“Rise up, my love, my fair one, and come away.”

April 27, 2011

“O God, I have tasted Thy goodness, and it has both satisfied me and made me thirsty for more. I am painfully conscious of my need for further grace. I am ashamed of my lack of desire. O God, the Triune God, I want to want Thee; I long to be filled with longing; I thirst to be made more thirsty still. Show me Thy glory, I pray Thee, that so I may know Thee indeed. Begin in mercy a new work of love within me. Say to my soul, “Rise up, my love, my fair one, and come away.” Then give me grace to rise and follow Thee up from the misty lowland where I have wandered so long. In Jesus’ name. Amen.”

A.W. Tozer, The Pursuit of God


Rotten sinners just make me want to throw stuff

February 17, 2011

You can’t blame Moses for losing it. He comes down the mountain after receiving the ten commandments, and the losers in the valley had gotten completely out of hand. They had melted down their gold, made an idol for themselves, and began to worship their blasphemous creation.

Understandably, Moses goes ballistic:

“So I took hold of the two tablets and threw them out of my two hands and broke them before your eyes.”

(Deuteronomy 9:17 ESV)

Doesn’t it just make you blow your top when someone sins against you? Make you mad enough to throw stuff? Especially when the offenders are folks from the church? Me too.

But you know, I’m not so sure that I have all that much in common with Moses. Listen to what he did after destroying the tablets:

“I neither ate bread nor drank water, because of all the sin that you had committed, in doing what was evil in the sight of the LORD to provoke him to anger. For I was afraid of the anger and hot displeasure that the LORD bore against you, so that he was ready to destroy you. But the LORD listened to me that time also.”

(Deuteronomy 9:18-21 ESV)

Moses’ response to the moral failure of Israel didn’t stop just with throwing things. He threw himself into fasting and prayer. He loved the people of God enough to deny himself food and water for 40 days and nights. And the Lord heard his prayer and did not destroy the rebellious nation.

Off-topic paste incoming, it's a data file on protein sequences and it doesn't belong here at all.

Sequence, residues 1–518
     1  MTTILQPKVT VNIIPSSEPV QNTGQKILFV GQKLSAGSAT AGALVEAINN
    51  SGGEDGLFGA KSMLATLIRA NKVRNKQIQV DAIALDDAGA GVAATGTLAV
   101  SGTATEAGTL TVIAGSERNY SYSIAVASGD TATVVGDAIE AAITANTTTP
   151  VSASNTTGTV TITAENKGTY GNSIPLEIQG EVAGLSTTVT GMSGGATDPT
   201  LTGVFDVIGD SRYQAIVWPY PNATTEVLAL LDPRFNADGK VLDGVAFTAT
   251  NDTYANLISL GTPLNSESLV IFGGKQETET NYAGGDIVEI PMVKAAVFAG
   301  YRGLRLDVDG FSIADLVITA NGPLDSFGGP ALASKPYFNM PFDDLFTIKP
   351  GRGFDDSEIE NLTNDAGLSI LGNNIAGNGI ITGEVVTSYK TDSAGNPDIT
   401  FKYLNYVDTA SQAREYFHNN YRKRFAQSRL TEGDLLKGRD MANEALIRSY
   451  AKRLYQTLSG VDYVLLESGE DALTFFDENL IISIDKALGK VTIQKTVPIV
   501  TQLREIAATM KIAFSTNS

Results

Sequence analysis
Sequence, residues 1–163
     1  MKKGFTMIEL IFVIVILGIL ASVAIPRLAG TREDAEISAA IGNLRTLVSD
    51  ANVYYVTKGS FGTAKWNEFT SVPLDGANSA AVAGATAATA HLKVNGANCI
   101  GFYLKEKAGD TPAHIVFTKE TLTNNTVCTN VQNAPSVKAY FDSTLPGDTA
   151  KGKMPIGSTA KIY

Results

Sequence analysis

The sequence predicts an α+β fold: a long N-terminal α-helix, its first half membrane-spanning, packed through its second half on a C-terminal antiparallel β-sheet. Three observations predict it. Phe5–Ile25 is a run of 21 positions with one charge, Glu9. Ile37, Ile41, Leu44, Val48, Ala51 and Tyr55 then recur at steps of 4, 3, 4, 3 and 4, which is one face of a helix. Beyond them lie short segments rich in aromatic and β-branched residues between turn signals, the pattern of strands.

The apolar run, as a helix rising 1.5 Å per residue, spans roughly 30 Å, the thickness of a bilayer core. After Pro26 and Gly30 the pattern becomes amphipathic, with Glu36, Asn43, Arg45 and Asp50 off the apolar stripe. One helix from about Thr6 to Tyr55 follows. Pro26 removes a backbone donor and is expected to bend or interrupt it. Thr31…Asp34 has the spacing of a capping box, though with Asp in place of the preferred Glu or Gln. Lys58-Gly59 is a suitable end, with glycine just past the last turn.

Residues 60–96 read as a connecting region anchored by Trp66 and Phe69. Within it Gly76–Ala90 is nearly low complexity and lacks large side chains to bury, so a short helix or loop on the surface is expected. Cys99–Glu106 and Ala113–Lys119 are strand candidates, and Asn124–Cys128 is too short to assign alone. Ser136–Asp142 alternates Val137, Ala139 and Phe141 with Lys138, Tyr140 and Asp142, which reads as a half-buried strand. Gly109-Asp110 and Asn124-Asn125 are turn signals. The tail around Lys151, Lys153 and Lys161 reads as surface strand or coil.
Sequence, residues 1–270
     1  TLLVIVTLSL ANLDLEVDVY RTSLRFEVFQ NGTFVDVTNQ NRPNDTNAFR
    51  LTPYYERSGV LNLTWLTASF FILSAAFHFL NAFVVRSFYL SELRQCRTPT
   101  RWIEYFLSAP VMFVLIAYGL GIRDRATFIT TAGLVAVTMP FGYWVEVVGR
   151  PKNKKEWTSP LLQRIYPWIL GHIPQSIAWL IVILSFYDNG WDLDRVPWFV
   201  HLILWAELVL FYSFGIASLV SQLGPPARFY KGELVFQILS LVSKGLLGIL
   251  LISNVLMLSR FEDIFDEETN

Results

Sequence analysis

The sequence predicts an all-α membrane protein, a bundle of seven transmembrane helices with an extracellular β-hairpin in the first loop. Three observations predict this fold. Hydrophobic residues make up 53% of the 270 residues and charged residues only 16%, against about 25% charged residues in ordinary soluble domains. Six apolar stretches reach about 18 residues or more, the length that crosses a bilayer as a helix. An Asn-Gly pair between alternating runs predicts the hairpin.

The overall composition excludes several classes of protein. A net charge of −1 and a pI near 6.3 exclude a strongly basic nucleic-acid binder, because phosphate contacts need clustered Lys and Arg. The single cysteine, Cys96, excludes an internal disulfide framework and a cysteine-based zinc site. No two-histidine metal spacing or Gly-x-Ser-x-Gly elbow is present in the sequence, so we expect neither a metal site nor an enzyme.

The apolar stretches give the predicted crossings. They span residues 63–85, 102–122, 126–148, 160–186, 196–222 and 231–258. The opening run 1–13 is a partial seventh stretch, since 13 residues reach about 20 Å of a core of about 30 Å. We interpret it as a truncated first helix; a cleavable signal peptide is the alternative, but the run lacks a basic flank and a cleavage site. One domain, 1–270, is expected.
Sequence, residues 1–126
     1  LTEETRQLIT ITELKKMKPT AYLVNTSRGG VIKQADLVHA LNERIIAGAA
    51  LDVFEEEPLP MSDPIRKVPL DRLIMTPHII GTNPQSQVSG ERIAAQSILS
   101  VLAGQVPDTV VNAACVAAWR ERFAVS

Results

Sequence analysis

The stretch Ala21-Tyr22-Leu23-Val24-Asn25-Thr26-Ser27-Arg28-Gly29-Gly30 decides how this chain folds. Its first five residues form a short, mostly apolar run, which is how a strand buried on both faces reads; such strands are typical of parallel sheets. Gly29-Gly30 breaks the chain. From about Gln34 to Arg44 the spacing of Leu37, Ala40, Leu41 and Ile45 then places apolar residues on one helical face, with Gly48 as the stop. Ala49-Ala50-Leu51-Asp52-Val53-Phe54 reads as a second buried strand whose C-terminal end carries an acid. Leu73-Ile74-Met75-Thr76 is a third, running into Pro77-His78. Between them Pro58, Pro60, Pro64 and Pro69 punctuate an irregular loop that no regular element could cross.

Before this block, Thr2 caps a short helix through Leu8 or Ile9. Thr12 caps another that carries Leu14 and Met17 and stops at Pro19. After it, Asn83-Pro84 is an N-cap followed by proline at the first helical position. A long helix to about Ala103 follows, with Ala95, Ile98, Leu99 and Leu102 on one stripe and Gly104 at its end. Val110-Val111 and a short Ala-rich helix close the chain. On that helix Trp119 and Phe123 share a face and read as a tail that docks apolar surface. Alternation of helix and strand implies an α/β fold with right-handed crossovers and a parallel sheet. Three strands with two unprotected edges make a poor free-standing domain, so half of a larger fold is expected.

There’s a lesson here for me … maybe for you too. Consider this passage from the book Fasting by Scot McKnight:

“How do we respond when we discover the fresh, fatal sins of others? The story about Moses’ body pleading (fasting) speaks against our tendency to publicize our complaints about others. We have become a culture of cultural critics and a church of church critics. Perhaps more of us need to be quick to convert our concern about the moral failures of others into body pleading for them instead of public words against them.”

My reaction to the sins of others should be grief, not anger. What might be the effect of denying myself through intercession and fasting, rather than indulging myself through hypocritical indignation?

How do you react when confronted by the sins of others?

Are you radically devoted to God’s glory?

January 31, 2011

From the book Radical by David Platt:

George Mueller (1805-98) pastored a church in Bristol, England, for more than 60 years, but he was best known for the orphan ministry he began. During his life he cared for more than 10,000 orphans. Remarkably, and intentionally, he never asked for money or other resources to provide for these orphans. Instead he simply prayed and trusted God to provide.